Ready Mix expands on Ravens interest in the extraction of natural resources, changes of material states, and the manufacturing processes that generate the physical substrates for todays interconnected economies. The artist shot Ready Mix using an extra-wide aspect ratio, a nod to the surveying origins of the anamorphic format and this landscapes historically violent entanglement with industrial and military development. The film will be projected onto a large curved screen and will run continuously throughout the day. Evocative of the collective-but-solitary experience of drive-in theaters, the installation also speaks to this formats unexpected resurgence as a result of the global pandemic and the radically redefined conditions of collective spectatorship today.
Lucy Ravens work for Dia Chelsea interrogates acts of sighttheir terms and conditionsas embodied experiences and instruments of power at the level of person and environment. Casters explores the uneasy relationship between visibility and exposure, while Ready Mix confronts the idea of the American West as a historical myth and its role as a contemporary center of global infrastructure, said Alexis Lowry, curator.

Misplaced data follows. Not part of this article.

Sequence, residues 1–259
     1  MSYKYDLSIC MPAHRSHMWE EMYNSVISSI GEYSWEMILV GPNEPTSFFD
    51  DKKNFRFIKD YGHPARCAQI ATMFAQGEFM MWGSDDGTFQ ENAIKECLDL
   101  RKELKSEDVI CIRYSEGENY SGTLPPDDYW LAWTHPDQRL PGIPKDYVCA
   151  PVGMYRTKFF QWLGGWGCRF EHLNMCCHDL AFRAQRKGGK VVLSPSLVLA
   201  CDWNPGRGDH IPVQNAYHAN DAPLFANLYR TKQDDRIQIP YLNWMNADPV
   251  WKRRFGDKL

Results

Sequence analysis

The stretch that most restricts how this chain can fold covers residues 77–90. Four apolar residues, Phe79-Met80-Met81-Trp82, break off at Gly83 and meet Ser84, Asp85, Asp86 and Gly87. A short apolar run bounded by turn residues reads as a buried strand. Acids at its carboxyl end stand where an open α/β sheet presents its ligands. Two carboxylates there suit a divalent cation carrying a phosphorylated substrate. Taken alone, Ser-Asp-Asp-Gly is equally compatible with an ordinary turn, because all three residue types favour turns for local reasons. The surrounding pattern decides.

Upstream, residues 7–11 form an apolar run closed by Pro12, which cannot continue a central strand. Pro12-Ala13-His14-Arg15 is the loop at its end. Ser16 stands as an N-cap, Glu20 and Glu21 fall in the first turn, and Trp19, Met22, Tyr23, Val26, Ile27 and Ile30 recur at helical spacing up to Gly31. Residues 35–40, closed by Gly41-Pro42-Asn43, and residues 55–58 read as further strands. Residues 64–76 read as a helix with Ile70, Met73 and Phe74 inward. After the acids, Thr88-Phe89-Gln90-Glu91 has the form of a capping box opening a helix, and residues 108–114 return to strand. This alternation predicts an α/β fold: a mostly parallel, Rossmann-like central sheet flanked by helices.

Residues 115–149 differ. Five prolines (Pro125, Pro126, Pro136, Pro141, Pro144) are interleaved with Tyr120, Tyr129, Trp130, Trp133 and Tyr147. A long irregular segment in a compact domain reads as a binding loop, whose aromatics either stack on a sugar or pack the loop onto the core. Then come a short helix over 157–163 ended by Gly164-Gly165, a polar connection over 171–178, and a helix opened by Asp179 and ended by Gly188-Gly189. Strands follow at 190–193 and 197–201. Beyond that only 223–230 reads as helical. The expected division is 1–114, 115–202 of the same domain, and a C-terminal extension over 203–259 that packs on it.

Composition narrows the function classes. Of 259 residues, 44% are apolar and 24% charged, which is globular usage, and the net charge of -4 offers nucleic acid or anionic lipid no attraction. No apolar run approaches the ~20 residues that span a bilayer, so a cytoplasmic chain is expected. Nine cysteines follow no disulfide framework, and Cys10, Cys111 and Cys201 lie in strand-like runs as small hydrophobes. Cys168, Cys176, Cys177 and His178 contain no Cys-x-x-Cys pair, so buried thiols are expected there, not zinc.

Lucy Raven was born in Tucson, Arizona, in 1977. She received a BFA in studio art and a BA in art history from the University of Arizona, Tucson, in 2000, and an MFA from Bard Colleges Milton Avery Graduate School of the Arts, Annandale-on-Hudson, New York, in 2008. Raven has been the recipient of residencies at the Hammer Museum, University of California, Los Angeles (201112), and Oakland Museum of California for Oakland Standard (2012); the San Francisco Bay Area component of the Artadia Award (2013); and the Berlin Prize (2018). Her work has been exhibited in solo presentations at the Nevada Museum of Art, Reno (2010); Hammer Museum (2012); Portikus, Frankfurt (2014); Yerba Buena Center for the Arts, San Francisco (2014); Centre vox de limage contemporaine, Montreal (2015); Columbus Museum of Art (2016); and the Serpentine Gallery, London (201617). Select group shows include those at the SculptureCenter, New York (2007); Mass MoCA, North Adams, Massachusetts (200809); Wexner Center for the Arts, Ohio State University, Columbus (2010); MoMA PS1, New York (2010 and 2013); Portland Institute of Contemporary Art, Oregon (2013); the Whitney Museum of American Art, New York (2013); and the Los Angeles County Museum of Art (201819). Additionally, Ravens work was included in the 2012 Whitney Biennial, the 2016 Montreal Biennial, and the 2018 Dhaka Art Summit. With Vic Brooks and Evan Calder Williams, she is a founding member of the moving image research and production collective, 13BC. Raven teaches at the Cooper Union School of Art in New York.